Published online by Cambridge University Press: 15 September 2009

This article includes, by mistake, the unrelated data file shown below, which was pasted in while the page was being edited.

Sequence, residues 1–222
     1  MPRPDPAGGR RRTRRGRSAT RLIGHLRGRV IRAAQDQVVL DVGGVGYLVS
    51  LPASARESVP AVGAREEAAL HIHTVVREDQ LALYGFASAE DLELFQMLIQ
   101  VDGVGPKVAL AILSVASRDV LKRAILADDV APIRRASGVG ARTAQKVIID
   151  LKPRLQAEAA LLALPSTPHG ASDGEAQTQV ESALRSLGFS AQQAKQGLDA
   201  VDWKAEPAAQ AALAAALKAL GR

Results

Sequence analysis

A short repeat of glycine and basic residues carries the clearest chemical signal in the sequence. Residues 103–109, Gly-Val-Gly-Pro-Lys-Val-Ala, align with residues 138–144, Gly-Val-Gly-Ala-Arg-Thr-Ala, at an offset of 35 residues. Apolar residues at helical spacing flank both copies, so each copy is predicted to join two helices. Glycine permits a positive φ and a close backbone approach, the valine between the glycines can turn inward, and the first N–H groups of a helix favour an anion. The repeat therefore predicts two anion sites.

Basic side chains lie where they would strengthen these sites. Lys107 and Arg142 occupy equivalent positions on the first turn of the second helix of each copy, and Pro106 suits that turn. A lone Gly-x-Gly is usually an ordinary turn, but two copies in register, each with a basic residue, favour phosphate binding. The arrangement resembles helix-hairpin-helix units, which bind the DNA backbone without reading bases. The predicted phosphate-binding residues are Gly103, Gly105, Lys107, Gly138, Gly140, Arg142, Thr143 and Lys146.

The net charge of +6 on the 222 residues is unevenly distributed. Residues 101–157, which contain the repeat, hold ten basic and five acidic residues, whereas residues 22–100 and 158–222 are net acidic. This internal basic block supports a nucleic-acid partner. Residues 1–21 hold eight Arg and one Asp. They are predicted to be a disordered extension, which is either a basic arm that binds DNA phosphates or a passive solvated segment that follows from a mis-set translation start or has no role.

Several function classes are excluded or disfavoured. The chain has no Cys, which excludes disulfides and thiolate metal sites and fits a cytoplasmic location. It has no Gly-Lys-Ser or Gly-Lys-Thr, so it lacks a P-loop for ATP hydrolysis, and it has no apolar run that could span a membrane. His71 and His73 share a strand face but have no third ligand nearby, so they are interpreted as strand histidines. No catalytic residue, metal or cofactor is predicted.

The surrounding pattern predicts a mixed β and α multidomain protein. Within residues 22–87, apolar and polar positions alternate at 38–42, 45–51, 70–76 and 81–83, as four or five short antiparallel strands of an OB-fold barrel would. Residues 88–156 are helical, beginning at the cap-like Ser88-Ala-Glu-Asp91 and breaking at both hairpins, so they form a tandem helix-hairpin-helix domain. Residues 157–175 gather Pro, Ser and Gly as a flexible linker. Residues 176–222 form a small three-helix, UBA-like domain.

Like some huge natural experiment in population genetics and evolution, South East Asia and the Pacific region combine elements of ancient and recent colonizations, of admixture and of entry into chains of uninhabited islands with extreme founder effects alongside the powerful and interacting evolutionary selective effects of nutrition and infectious disease. New Guinea was one of the first places in the world to achieve its own Neolithic revolution. This may have signalled the onset of specific micronutrient deficiencies, in particular of iron. Neolithic sedentary behaviour may have also increased transmission of malaria. Malaria is a major lethal disease in South East Asia and lowland Near Oceania although not in Far Oceania and, since the Late Pleistocene, has exerted strong selective effects promoting genetic disorders of globin-chain and red cell production. Overlaying this selective mechanism is an exquisite three-way interaction between micronutrient availability (in particular iron), infectious disease (in particular malarial susceptibility) and genetic protection (in particular alpha-globin gene deletions). The Holocene change from mobile hunting and gathering to arboriculture, horticulture and sedentary living may have acted to increase the level of iron deficiency in early childhood both as a result of nutritional inadequacy and as a secondary result of malaria and genetic causes of anaemia in the iron stores of newborn infants. Over-enthusiastic attempts to correct such deficiency have the unfortunate effect of increasing both malarial and non-malarial infectious morbidity.